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Peng Ming-min, Fighter for Democracy in Taiwan, Dies at 98

By that time Mr. Peng had been blacklisted from returning to Taiwan, after a military court in 1964 convicted him of sedition over his involvement with two of his students in the printing of a manifesto calling for the overthrow of the Republic of China government and the establishment of a Taiwanese democracy. American pressure on Chiang Kai-shek to release Mr. Peng had led to his transfer from an eight-year prison sentence to house arrest in 1965. With help from Amnesty International, he escaped in 1970, fleeing to Sweden.

The United States was the next stop for Mr. Peng, who took up a professorship at the University of Michigan in Ann Arbor. While there, he wrote what would prove to be an influential autobiography, “A Taste of Freedom” (1972). In 1981, he co-founded the Formosan Association for Public Affairs, a lobbying group that remains active today. (Formosa is another name historically used for Taiwan.)

In November 1992, following the end of 38 years of martial law in Taiwan and the death of Chiang’s son and successor, Chiang Ching-kuo, Mr. Peng returned to Taiwan, where he was welcomed at Chiang Kai-shek International Airport by a crowd of about 1,000. He joined the Democratic Progressive Party two years later, before his failed presidential bid.

In the 2000 election, Taiwan chose the Democratic Progressive candidate Chen Shui-bian as president. He was the country’s first president who was not a member of the Kuomintang. Mr. Chen made Mr. Peng an adviser in acknowledgment of his contributions to Taiwan’s democratic struggle.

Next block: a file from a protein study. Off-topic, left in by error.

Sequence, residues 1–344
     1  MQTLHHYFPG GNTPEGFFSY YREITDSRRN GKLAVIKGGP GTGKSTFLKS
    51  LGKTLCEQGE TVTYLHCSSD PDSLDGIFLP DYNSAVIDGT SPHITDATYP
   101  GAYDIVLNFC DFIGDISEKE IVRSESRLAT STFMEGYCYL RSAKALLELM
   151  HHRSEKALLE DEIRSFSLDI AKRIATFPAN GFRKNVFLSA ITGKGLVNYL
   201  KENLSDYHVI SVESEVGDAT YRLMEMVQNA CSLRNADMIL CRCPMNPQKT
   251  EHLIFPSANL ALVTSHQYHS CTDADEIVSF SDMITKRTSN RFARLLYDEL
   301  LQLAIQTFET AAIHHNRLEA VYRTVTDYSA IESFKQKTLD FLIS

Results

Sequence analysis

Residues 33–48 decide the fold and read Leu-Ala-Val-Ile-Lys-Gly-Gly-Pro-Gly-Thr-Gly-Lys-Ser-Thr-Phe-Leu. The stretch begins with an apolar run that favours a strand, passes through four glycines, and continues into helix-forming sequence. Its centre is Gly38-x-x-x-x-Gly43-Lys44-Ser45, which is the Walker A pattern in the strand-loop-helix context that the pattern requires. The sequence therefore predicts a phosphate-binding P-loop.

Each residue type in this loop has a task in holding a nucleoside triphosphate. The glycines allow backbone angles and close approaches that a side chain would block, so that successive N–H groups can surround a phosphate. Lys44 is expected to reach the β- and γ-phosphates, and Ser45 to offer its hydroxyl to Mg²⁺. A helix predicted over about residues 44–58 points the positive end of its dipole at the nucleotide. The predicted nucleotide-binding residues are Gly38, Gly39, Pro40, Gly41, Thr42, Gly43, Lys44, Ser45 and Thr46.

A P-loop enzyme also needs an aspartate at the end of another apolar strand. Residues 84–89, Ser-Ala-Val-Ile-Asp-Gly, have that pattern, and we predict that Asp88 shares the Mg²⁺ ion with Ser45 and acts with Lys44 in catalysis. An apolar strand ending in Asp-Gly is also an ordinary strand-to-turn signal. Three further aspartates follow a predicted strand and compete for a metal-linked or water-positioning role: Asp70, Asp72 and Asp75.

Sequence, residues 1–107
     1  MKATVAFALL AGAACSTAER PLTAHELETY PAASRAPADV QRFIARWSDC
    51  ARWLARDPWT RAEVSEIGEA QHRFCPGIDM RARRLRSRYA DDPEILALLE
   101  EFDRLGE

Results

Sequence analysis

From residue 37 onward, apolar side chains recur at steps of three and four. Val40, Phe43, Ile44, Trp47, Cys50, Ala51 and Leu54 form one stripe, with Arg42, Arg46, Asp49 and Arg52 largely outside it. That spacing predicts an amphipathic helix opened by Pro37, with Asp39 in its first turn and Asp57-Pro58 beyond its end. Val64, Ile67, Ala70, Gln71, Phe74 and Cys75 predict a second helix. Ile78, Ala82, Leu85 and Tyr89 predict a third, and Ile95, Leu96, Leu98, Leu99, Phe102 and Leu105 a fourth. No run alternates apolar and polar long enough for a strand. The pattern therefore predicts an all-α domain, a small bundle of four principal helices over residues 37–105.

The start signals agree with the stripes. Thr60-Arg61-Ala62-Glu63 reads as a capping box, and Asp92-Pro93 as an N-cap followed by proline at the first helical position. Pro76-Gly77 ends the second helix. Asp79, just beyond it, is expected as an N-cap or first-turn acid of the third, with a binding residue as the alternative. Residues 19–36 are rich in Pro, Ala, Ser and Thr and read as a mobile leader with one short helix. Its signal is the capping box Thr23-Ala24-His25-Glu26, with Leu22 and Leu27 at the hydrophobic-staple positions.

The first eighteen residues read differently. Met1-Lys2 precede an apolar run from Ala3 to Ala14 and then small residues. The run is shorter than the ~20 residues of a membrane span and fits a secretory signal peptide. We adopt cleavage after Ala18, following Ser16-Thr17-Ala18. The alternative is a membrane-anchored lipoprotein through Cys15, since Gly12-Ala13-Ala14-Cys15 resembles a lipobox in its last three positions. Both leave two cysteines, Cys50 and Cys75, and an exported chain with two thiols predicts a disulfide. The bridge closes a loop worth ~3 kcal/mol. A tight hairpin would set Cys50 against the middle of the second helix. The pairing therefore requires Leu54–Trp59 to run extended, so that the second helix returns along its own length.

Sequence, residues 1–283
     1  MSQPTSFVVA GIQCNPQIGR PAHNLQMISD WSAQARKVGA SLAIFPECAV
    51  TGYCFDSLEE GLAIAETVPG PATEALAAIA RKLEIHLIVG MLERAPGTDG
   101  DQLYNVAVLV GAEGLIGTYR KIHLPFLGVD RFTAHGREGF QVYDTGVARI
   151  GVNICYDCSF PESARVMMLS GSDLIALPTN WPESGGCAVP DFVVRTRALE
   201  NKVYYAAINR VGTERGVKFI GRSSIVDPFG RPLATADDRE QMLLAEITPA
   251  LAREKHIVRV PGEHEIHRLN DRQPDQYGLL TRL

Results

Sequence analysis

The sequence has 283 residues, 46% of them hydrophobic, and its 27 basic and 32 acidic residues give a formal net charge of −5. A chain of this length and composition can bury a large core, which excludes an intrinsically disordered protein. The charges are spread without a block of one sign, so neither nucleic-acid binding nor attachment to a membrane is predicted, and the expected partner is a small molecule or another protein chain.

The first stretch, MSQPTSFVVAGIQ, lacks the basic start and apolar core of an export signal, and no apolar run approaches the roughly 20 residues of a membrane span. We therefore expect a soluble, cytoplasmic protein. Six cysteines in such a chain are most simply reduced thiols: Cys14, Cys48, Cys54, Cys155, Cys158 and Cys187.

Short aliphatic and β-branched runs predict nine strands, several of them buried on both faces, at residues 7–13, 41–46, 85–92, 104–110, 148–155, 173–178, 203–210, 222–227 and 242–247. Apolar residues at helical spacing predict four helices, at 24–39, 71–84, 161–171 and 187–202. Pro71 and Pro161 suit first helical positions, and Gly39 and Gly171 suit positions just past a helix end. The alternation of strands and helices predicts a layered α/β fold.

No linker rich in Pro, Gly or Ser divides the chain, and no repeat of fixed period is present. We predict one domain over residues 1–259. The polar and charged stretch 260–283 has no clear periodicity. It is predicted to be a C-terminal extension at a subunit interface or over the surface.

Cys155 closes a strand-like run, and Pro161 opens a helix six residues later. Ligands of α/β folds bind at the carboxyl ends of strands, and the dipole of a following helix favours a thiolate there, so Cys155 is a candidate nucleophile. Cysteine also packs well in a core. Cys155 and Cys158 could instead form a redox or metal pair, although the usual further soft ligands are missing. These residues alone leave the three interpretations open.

Decades earlier, as frosty relations between Washington and Beijing began to thaw under the Nixon administration, Mr. Peng had urged the world to pay attention to the concerns of the Taiwanese people.

In a 1971 opinion essay in The New York Times, he refuted China’s claim on Taiwan while arguing for closer ties across the Taiwan Strait between Beijing and Taipei.

“The Chinese,” he wrote, “must learn to distinguish ethnic origin and culture from politics and law, and to discard their archaic obsession to claim anyone of Chinese ancestry as legally Chinese, however far removed from China.”

He continued: “The real issue is not independence for Formosa but self-determination for the people there. And the Formosan people want to live in the most friendly association with the Chinese people and would spare no effort to establish the closest economic, commercial and even political ties with China.”

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